HBO's Chernobyl was one of the year's biggest surprises so far in television. A 5-part miniseries depicting the most devastating nuclear disaster in history and its aftermath doesn't exactly sound like a recipe for success, especially considering it was scheduled to follow HBO's biggest and most successful show ever, the epic fantasy Game of Thrones.
As it turns out, Chernobyl proved that dynamic storytelling and top-notch acting still resonate with audiences in 2019. Granted, HBO's Chernobyl isn't a documentary seeking to produce a 100% accurate depiction of the disaster; therefore, to help you separate fact from fiction, here are 5 things from Chernobyl that are historically accurate, and 5 things that were completely fabricated.
10 Fact: Legasov and Shcherbina were real people
Chernobyl is made up of characters based on real-life figures who were affected by the nuclear disaster as well as characters completely made up for the show. Two of the characters borrowed from real life are nuclear scientist Valery Legasov and the Council of Ministers' deputy chairman Boris Shcherbina, played by Jared Harris and Stellan Skarsgard, respectively.
These two key figures played central roles in the aftermath of the Chernobyl disaster and how it was handled, communicated to the outside world, and perceived by the general public.
9 Fiction: Ulana Khomyuk is not a real person
Most key players portrayed in HBO's Chernobyl were indeed based on real-life counterparts, however, the nuclear physicist "Ulana Khomyuk" is a character with little basis in historical fact.
Instead of casting numerous actors and actresses, Chernobyl's showrunners cast Emily Watson as Ulana Khomyuk in a decision to "represent the many scientists who worked fearlessly and put themselves in a lot of danger to help solve the situation."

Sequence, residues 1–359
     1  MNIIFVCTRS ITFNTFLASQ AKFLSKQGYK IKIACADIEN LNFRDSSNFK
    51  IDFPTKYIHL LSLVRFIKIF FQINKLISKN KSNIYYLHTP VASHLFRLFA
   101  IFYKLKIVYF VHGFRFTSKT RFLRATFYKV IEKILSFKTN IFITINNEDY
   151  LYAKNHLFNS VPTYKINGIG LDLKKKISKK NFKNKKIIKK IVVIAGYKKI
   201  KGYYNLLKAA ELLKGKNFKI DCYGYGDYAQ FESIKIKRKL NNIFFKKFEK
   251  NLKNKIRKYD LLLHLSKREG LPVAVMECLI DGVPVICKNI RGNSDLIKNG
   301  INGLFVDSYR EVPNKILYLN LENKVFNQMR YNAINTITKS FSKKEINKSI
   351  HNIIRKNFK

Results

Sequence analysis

8 Fact: Evacuation wasn't underway until a day after the meltdown
One of the most tragic and frustrating aspects of the story told in HBO's Chernobyl is the lackadaisical attitude many officials displayed immediately following the disaster that would eventually claim the lives of thousands. Unfortunately, this aspect of the story is entirely true.
Through a mixture of fear of repercussions and genuine ignorance to the catastrophic effects in which such an explosion results, the evacuation of people around Chernobyl and the surrounding areas didn't begin until a full day after the disaster occurred.
7 Fiction: Most people involved were speaking Russian
One of the first things viewers will pick up on after starting Chernobyl is the fact that not only are the characters speaking English, instead of Russian as one might suspect considering the locale, they're speaking in an English accent. Obviously, this isn't accurately representative of history, as the various scientists and politicians working to mitigate the effects of the Chernobyl disaster were assuredly speaking Russian throughout the whole saga.
This was perhaps a wise choice made by the showrunners to more effectively portray the complexities of the disaster and its personal, societal, and political aftermath to a largely Western audience.
6 Fact: The physical effects of the radiation were grotesque
One might expect a show from HBO to exaggerate the physical details of radiation on the human body. Sadly, what you see in Chernobyl has been verified and described as mostly accurate by witness account. Chernobyl engineer Oleksiy Breus described the conditions of Oleksandr Akimov, the reactor's shift leader, and Leonid Toptunov, an operator, immediately following the disaster.